Once I have time to collect my thoughts, I’ll have the full story for you from start to finish, including plenty of photos and even some video from inside the LX
Courtesy of LexusEnthusiast
In response to a recent Facebook fan poll, Lexus has put together a video featuring race car driver Scott Pruett talking about the new GS 350′s driving performance:
Scott was one of the drivers offering GS F Sport hotlaps at SEMA, and was clearly impressed with the way the sedan performed —
Courtesy of LexusEnthusiast
Lexus Enform, as veteran Lexus owners know, is Lexus’ telematics technology—a collection of services that allow the vehicle to communicate with a 24/7 response center (Safety Connect), get directions from a live representative (Destination Assist), and plan itineraries and organize points of interest in conjunction with a desktop computer (eDestination).
This new version, however, offers a suite of mobile apps—each appropriate to automotive travel—that essentially equips 2013 GS owners with online access via their cars.
“We now have a separate channel for incoming and outbound data between the vehicle and the Internet, via the driver’s smartphone,” says Paul Williamsen, National Manager of the Lexus College. “When we launch the GS, we anticipate seven apps for online connectivity, with a potential in the future of up to 18.”
So which seven apps can drivers with the next-generation Lexus Enform system use in their vehicles?
Bing: Use Microsoft’s web-search engine to look up points of interest such as restaurants, landmarks, and businesses. Bing can be voice-activated.
iHeartRadio: Access more than 750 AM and FM radio stations around the U.S., including commercial-free stations and artist-hosted stations. iHeartRadio can also be voice-activated.
MovieTickets.com: Find movie times for local theaters, as well as ratings, reviews, and plot summaries, and purchase tickets online for 150 theater chains, including AMC Theaters. The MovieTickets.com app can be voice-activated.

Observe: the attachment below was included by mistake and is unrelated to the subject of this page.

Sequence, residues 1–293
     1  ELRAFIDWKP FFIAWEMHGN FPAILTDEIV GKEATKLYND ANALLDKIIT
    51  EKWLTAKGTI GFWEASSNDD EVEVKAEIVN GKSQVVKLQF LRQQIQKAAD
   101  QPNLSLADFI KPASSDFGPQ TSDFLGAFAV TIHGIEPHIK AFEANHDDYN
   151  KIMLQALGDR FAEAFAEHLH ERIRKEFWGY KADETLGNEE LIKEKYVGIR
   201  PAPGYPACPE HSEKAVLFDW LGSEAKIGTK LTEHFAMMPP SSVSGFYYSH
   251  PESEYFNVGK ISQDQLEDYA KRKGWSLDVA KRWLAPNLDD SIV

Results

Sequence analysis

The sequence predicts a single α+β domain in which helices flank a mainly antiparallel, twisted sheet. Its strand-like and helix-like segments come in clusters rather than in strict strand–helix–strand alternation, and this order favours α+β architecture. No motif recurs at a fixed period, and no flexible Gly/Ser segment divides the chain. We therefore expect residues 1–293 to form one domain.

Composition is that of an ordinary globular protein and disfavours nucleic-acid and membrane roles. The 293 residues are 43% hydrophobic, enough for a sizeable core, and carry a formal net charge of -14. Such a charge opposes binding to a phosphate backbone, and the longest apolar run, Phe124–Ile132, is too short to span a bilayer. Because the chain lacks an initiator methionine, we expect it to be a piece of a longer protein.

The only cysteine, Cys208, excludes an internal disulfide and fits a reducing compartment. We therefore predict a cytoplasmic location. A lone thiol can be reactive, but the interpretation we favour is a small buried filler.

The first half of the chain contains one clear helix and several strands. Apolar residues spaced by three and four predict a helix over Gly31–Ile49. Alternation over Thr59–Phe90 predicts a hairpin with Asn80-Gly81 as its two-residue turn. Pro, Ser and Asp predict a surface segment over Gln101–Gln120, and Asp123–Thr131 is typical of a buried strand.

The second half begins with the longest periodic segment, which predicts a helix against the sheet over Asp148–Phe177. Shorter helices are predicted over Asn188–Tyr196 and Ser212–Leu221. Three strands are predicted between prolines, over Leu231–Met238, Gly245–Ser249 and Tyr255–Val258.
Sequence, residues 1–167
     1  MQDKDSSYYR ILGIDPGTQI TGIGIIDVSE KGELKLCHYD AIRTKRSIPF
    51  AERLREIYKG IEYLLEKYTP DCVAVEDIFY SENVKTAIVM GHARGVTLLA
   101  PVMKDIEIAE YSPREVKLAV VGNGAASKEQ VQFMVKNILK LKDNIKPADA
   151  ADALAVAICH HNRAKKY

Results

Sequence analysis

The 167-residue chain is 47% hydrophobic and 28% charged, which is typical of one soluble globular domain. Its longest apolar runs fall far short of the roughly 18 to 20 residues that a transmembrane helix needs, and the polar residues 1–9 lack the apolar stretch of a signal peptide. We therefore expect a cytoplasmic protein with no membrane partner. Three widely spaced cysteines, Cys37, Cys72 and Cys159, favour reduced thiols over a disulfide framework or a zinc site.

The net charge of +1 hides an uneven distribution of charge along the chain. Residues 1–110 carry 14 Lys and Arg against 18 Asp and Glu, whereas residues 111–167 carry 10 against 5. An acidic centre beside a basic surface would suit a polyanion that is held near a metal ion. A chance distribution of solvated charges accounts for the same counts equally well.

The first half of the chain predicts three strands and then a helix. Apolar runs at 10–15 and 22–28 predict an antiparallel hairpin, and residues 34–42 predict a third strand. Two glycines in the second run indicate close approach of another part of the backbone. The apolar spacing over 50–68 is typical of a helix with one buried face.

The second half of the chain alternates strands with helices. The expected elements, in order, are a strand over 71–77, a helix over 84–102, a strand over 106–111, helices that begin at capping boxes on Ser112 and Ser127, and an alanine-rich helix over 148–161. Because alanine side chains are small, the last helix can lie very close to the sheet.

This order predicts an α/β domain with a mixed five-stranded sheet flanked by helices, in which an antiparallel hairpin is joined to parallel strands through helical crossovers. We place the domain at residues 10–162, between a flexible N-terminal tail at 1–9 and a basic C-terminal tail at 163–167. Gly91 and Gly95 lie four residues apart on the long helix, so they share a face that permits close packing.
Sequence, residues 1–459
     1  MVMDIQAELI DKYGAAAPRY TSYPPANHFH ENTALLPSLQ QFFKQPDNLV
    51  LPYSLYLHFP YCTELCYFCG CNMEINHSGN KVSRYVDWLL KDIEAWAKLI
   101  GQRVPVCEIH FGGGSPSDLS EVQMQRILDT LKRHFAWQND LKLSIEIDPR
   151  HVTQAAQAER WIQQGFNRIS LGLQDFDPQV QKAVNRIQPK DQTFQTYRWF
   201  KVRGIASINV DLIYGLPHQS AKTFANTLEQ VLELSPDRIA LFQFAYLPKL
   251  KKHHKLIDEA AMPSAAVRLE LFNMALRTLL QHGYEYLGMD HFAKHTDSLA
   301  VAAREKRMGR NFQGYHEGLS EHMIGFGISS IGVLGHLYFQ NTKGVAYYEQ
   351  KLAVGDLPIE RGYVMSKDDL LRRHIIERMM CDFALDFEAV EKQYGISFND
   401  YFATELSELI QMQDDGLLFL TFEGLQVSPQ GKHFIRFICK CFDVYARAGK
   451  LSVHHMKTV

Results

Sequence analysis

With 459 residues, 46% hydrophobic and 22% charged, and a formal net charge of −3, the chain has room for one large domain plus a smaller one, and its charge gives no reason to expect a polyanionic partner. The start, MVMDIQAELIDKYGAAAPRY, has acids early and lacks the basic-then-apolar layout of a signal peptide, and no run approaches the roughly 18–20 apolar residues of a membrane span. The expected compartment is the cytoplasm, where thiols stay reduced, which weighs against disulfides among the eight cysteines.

Yelp: Access Yelp, the portal to crowd-sourced reviews of businesses like restaurants, hotels, stores, and more.
PANDORA®: The popular web-based streaming music service “learns” what you like, and creates playlists tailored to your tastes from its library of more than 700,000 songs. PANDORA can be voice-activated.
Facebook Places: If you already use Facebook Places, then you know how it allows you to check in from an address/locale, which alerts your Facebook friends to your whereabouts.
OpenTable: Search for restaurants by time, date, cuisine, and price range, and make real-time reservations at more than 200,000 restaurants nationwide. Also, rewards points are offered that can be redeemed at member restaurants. OpenTable can be voice-activated.
These in-car apps—although controlled on the available navigation screen or, where applicable, via voice activation—essentially run off your own smartphone (carrier charges and restrictions may apply). To use them in the car, drivers must download the latest Lexus Enform app to a compatible smartphone (iPhone, Android, and BlackBerry models work) and register. They’ll also need to sync their phones with their 2013 GS via Bluetooth.
Related: Tips for connecting your phone to Bluetooth
Note that a complimentary, one-year Lexus Enform trial is included with the purchase of the 2013 GS; after one year, access-charges apply (with the exception of PANDORA, which remains complimentary, although carrier charges may apply depending on your usage and phone plan). Also note that vehicles equipped with the first-generation Lexus Enform system cannot be updated to the newest version.
The next-generation Lexus Enform will also be available with the 2013 Lexus LX, although not with a 12.3-inch display screen.
Courtesy of LexusMagazine
this huge automotive tradeshow back in November of 2006. It’s four days long and requires lots of walking. Normally I’m a pretty energetic guy, but for some reason I was having a really hard time getting around. I was only 37. Healthy and fit. I run competitively and go mountain biking, but all of a sudden it was like I had zero energy.
Bottom line: If I was to have any chance of living, I needed to get chemotherapy and radiation. Fortunately, I came across Cancer Treatment Centers of America, a talented organization that specializes in cancer. So that’s where I decided to go.
I took time off from my job working as a factory test driver for Toyota and Lexus and started treatment on New Year’s Day. For the next four months I had chemotherapy every other week, and then a whole month of radiation.
I wasn’t doing so hot. Crazy things go through your mind. I’d wake up in the middle of the night and say to myself, Am I really going to make it to see next year?